As illustrated in FIG. 35, the spectral protrusion near the Fermi surface described in embodiment 1 was confirmed in the hole injection layer 4A of sample α in a binding energy range from 3.6 eV lower than point (iii) to 1.8 eV lower than point (iii), point (iii) being the location at which the valence band rises. On the other hand, such a spectral protrusion was not confirmed in sample ε. Note that in samples β, γ, and δ as well, the existence of the spectral protrusion was confirmed and the spectral protrusion had a shape and normalized intensity differing only little from that found in the hole injection layer 4A of sample α.

UPS measurement, however, is only an assessment of the surface portion of a measurement target. Upon attempting to confirm the existence of the spectral protrusion near the Fermi surface throughout the entire hole injection layer 4A by performing HXPS measurement on the hole injection layer 4A in samples α and ε, the spectral protrusion was confirmed in sample α, as expected, but not in sample ε.

The above experiment proved that the hole injection layer 4A in embodiment 2 has the occupied energy level near the Fermi surface. Therefore, due to a tungsten oxide layer having the upward protrusion (not necessarily a peak) in a binding energy range area approximately between 1.8 eV and 3.6 eV lower than point (iii) in the photoelectron spectrum, i.e. a tungsten oxide layer having the occupied energy level near the Fermi surface, being adopted as the hole injection layer, the organic EL element pertaining to embodiment 2 exhibits excellent hole conduction efficiency.

Here, the characteristics of the hole-only devices and the organic EL elements described in embodiment 2 are thought to be affected more by the hole conduction efficiency in the hole injection layer 4A than by the hole injection efficiency from the ITO layer 3 to the hole injection layer 4A and the hole injection efficiency from the hole injection layer 4A to the buffer layer 6A. The reasons are as follows.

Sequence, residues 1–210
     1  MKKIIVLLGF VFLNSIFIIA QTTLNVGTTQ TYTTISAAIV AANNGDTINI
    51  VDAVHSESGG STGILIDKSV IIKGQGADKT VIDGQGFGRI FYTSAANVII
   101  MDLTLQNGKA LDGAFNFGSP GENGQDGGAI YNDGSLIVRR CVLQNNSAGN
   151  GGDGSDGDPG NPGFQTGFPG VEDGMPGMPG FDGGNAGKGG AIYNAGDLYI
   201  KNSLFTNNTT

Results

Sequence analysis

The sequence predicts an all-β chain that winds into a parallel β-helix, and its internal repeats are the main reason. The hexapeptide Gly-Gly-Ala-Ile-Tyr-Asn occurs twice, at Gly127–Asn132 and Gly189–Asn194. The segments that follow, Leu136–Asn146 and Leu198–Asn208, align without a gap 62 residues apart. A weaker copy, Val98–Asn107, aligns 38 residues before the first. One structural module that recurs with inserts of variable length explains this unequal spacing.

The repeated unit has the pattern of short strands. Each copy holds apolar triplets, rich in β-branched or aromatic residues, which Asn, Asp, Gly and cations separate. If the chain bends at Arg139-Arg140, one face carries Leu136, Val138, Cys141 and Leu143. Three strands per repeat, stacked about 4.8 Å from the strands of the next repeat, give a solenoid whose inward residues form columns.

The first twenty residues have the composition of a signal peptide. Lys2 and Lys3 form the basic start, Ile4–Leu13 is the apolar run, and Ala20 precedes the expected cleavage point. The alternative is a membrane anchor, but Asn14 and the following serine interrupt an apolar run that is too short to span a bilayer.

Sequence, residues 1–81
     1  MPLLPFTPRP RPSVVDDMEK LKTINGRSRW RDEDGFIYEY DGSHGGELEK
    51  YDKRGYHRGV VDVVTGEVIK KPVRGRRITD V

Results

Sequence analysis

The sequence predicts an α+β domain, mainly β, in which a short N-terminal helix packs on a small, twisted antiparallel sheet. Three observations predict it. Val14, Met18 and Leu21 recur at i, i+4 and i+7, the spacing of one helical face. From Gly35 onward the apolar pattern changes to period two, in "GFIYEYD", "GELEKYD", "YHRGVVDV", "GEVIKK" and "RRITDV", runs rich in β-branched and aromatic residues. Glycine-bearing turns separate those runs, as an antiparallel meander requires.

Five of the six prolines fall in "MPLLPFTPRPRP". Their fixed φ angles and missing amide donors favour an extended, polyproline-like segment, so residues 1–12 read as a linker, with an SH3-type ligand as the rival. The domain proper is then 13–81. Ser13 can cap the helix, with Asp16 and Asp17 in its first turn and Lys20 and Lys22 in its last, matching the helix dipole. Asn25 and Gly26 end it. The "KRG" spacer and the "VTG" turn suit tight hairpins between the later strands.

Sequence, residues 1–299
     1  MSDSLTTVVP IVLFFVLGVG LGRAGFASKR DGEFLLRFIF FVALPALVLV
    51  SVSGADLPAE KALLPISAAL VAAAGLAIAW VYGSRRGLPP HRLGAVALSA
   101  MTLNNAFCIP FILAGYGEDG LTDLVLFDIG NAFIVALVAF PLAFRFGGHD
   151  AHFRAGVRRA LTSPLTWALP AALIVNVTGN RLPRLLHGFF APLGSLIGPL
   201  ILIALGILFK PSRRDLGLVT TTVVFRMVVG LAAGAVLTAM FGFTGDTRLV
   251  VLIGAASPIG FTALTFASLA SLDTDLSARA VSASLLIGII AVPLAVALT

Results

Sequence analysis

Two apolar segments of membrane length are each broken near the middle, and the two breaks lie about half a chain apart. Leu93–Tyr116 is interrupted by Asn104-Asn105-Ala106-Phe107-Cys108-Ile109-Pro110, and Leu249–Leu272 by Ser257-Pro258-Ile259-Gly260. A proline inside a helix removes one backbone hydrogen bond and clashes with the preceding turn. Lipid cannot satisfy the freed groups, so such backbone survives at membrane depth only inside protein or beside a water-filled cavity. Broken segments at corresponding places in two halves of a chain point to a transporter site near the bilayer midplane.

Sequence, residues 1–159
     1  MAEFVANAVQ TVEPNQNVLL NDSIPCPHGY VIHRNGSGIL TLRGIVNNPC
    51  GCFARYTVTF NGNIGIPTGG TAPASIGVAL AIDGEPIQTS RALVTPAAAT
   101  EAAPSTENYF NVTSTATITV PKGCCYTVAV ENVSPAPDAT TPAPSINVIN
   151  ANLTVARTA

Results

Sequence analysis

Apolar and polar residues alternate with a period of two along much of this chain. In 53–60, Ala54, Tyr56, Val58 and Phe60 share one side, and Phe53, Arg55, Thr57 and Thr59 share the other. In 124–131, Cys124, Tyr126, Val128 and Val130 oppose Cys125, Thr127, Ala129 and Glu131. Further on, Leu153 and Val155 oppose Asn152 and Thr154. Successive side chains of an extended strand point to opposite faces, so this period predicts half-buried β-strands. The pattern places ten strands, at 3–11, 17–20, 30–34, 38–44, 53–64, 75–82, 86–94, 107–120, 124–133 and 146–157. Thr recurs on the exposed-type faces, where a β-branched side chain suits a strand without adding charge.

In hole injection layers 4A formed under the film forming conditions α, β, γ, and δ, the spectral protrusion near the Fermi surface was confirmed by UPS measurement, as described above. In terms of FIG. 14 in embodiment 1, this means that in these hole injection layers 4A, the injection sites x exist at a number density sufficient for the injection sites x to be confirmed by UPS measurement. Furthermore, the shape and the normalized intensity of the spectral protrusion did not differ greatly between the hole injection layers 4A formed under conditions α, β, γ, and δ. Accordingly, the number density of the injection sites x can be assumed to be equivalent in the hole injection layers 4A formed under conditions α, β, γ, and δ. Considering that the film forming condition α is equivalent to the above film forming condition A in embodiment 1, the hole injection layers 4A formed under conditions α, β, γ, and δ can all be assumed to have a sufficient number density of injection sites x with respect to the number density of injection sites y in the buffer layer 6A. In other words, the hole injection layers 4 under conditions α, β, γ, and δ are all considered to have the same level of hole injection efficiency from the hole injection layer 4A to the buffer layer 6A.

However, although the driving voltages of HOD-α, β, γ, and δ in Table 8 are all good, there is a spread of 2.25 V therebetween. Therefore, it reasonably follows that a factor other than the hole injection efficiency from the hole injection layer 4A to the buffer layer 6A is resulting in the spread. Since the Schottky ohmic contact is formed between the ITO layer 3 and the hole injection layer 4A in embodiment 2 as described above, the remaining factor resulting in the spread can be assumed to be the hole conduction efficiency of the hole injection layer 4A itself.

(Analysis of Relationship Between Value of W5+/W6+ and Hole Conduction Efficiency)

FIG. 36 is a diagram illustrating the tungsten oxide crystal structure. In the tungsten oxide of embodiment 2, as described above, the composition ratio of tungsten to oxygen is approximately 1:3. Therefore, tungsten trioxide is described here as an example.

As shown in FIG. 36, a tungsten trioxide crystal has a structure in which six oxygen atoms and one tungsten atom bind in octahedral coordination, with octahedrons sharing oxygen atoms at vertices. (To simplify the illustration, FIG. 36 shows octahedrons in perfect alignment, like rhenium trioxide. In reality, the octahedrons are in a slightly distorted arrangement).